Carl Rogers received abundant awards and recognitions for his contributions in psychology, which are briefly outlined in the following timeline1:
1902 Born in Oak Park, Illinois
1924 Completed B.A., University of Wisconsin
1928 M.A., Columbia University
1931 Ph.D., Columbia University, Psychotherapy
1940 Ohio State University, Professor of Psychology
1941-1942 Resident Fellow, Centre for Studies of the Person; Vice President, American Orthopsyhiatric Association
1944-1945 President of the American Association for Applied Psychology
1945 University of Chicago, Professor of Psychology and Executive Secretary , Counselling Centre.
1946 President of the American Psychological Association
1955 Nicholas Murray Butler Silver Medal, Columbia University
1956-1958 First President of American Academy of Psychotherapist and Special Contribution Award, American Psychological Association
1956 APA Distinguished Scientific Contribution Award
1956 Hon. DHL: Lawrence College
1957 Professor in Departments of Psychology and Psychiatry, University of Wisconsin
1960 Member of Executive Committee, University of Wisconsin
1962 Fellow, Centre for Advanced Study in the Behavioural Sciences
1964 Selected as Humanist of the year, American Humanist Association
1967 Distinguished Contribution Award, American Pastoral Counsellors Association
1968 Honorary Doctorate, Gonzaga University
1971 D.H.L., University of Santa Clara
1972 First Distinguished Professional Psychologist Award, Division of Psychotherapy
1974 D.Sc. University of Cincinnati
1975 D.Ph. University of Hamburg and DS.Sc. University of Leiden
1978 D.Sc. Northwestern University
1984 Union for Experimenting Colleges and Universities, Cincinnati
In 1957, Rogers returned to The University of Wisconsin after accepting the joint position of Professor in the Departments of Psychology and Psychiatry. However, it was a time of unrest within the University's Psychology Departments, and Rogers found himself becoming increasingly disillusioned with the therapeutic and diagnostic techniques of the establishment, as well as his own personal disagreement with the educational policies of Graduate Psychology programs.
Thus, Rogers departed from the University setting, and in 1959 joined the Western Behavioural Sciences Institute in La Jolla, California. His role within the Institute involved working with groups of individuals who were striving to improve their human relations abilities, and by 1968, Rogers and a handful of his colleagues had totally separated from the WBSI group in order to found their own Centre for the Studies of the Person, again based in La Jolla.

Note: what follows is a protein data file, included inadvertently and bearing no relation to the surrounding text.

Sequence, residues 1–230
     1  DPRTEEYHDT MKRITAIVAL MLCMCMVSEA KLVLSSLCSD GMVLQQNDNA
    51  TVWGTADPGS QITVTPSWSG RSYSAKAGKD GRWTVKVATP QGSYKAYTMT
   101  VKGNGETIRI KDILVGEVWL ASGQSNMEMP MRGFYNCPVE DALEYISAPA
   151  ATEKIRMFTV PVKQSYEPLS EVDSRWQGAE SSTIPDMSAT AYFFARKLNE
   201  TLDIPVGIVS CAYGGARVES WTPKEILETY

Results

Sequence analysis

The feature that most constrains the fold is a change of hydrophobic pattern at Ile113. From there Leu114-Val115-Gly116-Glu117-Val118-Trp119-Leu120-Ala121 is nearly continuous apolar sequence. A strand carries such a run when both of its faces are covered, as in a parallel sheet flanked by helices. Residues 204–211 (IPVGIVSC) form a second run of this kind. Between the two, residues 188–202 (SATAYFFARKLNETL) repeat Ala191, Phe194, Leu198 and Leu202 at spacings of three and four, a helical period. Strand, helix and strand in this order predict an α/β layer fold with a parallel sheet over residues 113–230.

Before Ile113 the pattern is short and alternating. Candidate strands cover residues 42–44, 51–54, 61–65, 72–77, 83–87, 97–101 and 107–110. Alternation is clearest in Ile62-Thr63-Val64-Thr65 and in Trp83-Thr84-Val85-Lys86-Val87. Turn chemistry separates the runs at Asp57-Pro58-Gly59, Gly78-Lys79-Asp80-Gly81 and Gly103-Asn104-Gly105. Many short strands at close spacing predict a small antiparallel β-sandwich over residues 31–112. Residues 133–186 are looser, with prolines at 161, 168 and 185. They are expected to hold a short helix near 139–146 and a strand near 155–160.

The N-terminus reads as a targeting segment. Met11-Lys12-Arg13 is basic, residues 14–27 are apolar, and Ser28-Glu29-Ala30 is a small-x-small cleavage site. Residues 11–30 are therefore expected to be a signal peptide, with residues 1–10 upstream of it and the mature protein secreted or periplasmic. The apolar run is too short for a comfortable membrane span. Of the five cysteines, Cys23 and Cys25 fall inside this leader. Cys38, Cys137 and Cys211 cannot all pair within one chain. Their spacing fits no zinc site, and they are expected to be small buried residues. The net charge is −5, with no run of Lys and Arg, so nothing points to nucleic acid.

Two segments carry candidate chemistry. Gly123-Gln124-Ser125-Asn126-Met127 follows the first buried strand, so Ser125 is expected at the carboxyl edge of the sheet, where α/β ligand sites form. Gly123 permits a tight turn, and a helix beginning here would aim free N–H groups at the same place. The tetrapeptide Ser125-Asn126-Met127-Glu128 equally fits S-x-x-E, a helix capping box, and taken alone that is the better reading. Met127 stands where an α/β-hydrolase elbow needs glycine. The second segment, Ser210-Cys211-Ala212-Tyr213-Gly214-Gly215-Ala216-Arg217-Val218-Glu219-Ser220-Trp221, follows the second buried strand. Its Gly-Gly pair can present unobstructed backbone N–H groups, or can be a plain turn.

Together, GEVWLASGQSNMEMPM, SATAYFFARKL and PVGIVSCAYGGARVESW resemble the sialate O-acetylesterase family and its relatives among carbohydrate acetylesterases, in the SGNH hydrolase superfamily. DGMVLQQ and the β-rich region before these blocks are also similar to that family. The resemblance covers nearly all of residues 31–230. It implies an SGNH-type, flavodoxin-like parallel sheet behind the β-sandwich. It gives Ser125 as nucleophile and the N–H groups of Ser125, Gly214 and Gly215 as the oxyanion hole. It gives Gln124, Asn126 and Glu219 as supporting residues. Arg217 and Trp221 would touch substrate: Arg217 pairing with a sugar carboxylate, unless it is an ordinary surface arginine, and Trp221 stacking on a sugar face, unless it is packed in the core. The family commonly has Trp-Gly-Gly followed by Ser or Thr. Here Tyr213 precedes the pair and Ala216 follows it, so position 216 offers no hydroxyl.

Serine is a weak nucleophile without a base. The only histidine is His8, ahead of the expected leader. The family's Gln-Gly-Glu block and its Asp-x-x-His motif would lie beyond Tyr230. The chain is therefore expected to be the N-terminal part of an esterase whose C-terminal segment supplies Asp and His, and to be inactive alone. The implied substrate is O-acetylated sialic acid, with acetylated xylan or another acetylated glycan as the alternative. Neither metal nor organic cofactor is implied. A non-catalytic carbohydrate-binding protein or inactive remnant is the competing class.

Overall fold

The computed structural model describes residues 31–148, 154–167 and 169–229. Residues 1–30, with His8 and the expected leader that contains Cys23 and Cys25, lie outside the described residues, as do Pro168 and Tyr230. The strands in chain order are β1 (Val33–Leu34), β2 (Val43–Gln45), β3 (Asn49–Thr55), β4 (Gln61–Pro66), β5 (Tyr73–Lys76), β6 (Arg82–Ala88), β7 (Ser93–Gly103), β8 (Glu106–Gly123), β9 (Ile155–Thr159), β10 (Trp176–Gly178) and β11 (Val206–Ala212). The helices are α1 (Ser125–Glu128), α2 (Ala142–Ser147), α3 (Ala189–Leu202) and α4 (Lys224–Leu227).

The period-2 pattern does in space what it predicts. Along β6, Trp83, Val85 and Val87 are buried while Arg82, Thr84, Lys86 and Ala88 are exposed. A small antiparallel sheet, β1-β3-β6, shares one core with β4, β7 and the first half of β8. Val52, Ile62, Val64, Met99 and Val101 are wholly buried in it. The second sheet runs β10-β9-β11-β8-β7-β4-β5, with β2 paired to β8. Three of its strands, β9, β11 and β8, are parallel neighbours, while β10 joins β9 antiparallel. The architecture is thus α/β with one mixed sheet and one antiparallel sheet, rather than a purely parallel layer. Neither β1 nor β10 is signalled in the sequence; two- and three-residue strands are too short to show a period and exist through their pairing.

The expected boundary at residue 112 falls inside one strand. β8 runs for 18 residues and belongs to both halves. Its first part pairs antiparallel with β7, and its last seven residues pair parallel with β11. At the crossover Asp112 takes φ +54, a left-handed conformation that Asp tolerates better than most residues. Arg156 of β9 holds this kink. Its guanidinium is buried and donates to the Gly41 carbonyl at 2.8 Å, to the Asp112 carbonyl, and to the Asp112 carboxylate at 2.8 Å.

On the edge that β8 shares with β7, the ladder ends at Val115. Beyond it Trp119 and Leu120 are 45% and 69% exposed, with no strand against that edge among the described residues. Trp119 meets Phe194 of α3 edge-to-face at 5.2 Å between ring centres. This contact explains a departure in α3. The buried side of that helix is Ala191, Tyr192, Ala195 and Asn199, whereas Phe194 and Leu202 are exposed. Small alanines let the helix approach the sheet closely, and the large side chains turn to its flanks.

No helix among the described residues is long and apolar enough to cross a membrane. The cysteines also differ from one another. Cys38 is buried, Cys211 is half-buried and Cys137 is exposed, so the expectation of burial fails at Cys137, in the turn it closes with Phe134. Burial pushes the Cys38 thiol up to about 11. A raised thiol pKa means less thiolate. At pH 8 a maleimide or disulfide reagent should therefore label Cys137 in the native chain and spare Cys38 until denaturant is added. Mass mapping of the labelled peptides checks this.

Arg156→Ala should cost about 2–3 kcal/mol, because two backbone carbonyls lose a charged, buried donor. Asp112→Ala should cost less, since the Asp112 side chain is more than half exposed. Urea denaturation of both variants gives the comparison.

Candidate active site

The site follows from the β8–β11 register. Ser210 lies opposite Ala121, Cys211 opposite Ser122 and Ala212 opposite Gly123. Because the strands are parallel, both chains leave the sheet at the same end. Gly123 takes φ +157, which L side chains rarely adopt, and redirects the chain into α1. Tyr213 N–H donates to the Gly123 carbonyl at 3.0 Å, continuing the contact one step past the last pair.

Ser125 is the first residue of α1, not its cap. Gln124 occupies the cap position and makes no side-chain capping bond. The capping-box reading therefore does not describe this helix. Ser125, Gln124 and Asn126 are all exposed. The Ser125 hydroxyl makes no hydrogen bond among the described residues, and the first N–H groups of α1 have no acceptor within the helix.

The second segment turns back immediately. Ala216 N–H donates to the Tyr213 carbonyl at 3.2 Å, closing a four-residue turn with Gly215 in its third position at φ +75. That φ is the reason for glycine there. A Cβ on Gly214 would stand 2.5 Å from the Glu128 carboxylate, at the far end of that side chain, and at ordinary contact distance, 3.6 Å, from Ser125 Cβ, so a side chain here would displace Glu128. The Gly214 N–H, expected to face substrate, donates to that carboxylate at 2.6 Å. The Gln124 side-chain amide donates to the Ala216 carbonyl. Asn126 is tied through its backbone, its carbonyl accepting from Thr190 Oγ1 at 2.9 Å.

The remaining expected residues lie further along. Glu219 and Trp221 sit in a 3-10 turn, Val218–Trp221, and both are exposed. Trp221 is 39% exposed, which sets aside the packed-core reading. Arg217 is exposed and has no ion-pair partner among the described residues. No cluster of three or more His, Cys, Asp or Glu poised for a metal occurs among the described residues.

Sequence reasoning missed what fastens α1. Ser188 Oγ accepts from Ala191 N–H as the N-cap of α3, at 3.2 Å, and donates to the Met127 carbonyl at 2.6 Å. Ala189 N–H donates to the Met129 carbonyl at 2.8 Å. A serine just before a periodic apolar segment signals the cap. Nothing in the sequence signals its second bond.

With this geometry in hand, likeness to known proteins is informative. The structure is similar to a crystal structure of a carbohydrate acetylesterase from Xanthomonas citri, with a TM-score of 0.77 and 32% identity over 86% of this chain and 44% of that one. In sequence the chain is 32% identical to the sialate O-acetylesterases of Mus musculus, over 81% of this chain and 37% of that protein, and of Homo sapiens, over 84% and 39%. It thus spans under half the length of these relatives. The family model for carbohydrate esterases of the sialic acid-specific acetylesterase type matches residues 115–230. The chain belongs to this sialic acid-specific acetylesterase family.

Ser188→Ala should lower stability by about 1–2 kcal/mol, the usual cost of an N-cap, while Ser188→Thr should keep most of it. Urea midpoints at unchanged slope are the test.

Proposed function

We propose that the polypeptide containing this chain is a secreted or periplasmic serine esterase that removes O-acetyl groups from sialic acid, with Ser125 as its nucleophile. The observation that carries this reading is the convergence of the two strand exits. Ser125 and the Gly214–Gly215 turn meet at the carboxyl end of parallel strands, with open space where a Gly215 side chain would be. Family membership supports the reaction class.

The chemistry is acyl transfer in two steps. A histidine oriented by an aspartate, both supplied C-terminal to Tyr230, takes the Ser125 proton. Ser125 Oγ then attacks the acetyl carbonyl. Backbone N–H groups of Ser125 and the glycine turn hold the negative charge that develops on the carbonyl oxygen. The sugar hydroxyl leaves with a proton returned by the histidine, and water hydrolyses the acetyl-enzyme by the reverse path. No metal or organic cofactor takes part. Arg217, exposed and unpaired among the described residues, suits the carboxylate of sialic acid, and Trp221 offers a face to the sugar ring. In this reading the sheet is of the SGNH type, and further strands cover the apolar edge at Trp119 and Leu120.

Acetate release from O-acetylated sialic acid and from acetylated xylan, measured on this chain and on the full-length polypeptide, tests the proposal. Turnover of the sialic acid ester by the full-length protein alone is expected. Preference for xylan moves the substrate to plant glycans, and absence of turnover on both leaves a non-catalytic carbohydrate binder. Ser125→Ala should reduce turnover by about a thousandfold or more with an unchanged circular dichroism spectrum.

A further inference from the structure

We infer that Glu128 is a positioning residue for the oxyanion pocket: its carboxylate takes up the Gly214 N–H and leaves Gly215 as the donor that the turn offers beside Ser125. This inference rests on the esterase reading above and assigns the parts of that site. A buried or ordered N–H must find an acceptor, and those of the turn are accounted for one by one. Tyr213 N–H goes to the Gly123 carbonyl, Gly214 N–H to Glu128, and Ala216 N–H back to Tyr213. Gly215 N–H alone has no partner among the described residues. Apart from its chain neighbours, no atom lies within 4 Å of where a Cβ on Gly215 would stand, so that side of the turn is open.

"... subsequently, throughout the 1960s and 70s, Rogers spearheaded the development of personal-growth groups, and his influence spread to working with couples and families; and his ideas were also applied to administration, minority groups, interracial and intercultural groups, and international relationships." (Corey,1986)
In his time at the Centre for the Studies of the Person, Rogers continued to provide therapy, gave speeches and lectures, and wrote many topical publications until his sudden death on 4th February 1987, after surgery for a broken hip.
1942 - Counselling and psychotherapy. Newer concepts in practice
1944 - Adjustment after combat
1946 - Counselling with returned servicemen (with John L. Wallen)
1951 - Client centred therapy. Its current practice, implications, and theory
1954 - Psychotherapy and personality change. Co-ordinated research studies in the client-centred approach (with Rosalind F. Dymond (eds.))
1961 - On becoming a person. A therapist's view of psychotherapy
1967 - Person to person. The problem of being human: A new trend in psychology (with Barry Stevens)
1968 - Man and the science of man (with William R. Coulson (eds.))
1969 - Freedom to learn. A view of what education might become
1970 - On encounter groups
1972 - Becoming partners. Marriage and its alternative
1977 - On personal power. Inner strength and its revolutionary impact
1980 - A way of being
1981 - On becoming a teacher (with Harold C. Lyon, Jr.)
1983 - Freedom to learn for the 80's